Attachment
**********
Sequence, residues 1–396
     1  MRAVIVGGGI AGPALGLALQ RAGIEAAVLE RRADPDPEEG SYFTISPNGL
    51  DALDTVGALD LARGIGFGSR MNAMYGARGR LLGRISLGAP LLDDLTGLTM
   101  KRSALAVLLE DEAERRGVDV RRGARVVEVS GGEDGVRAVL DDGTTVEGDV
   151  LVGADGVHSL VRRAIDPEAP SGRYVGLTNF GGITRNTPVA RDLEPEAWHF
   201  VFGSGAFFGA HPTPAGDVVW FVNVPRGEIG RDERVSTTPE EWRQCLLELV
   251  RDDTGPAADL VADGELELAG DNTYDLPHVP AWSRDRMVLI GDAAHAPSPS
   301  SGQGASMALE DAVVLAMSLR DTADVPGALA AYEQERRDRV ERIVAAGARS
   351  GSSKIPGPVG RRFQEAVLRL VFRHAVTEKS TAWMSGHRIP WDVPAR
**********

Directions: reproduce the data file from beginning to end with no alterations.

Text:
Sequence, residues 1–396
     1  MRAVIVGGGI AGPALGLALQ RAGIEAAVLE RRADPDPEEG SYFTISPNGL
    51  DALDTVGALD LARGIGFGSR MNAMYGARGR LLGRISLGAP LLDDLTGLTM
   101  KRSALAVLLE DEAERRGVDV RRGARVVEVS GGEDGVRAVL DDGTTVEGDV
   151  LVGADGVHSL VRRAIDPEAP SGRYVGLTNF GGITRNTPVA RDLEPEAWHF
   201  VFGSGAFFGA HPTPAGDVVW FVNVPRGEIG RDERVSTTPE EWRQCLLELV
   251  RDDTGPAADL VADGELELAG DNTYDLPHVP AWSRDRMVLI GDAAHAPSPS
   301  SGQGASMALE DAVVLAMSLR DTADVPGALA AYEQERRDRV ERIVAAGARS
   351  GSSKIPGPVG RRFQEAVLRL VFRHAVTEKS TAWMSGHRIP WDVPAR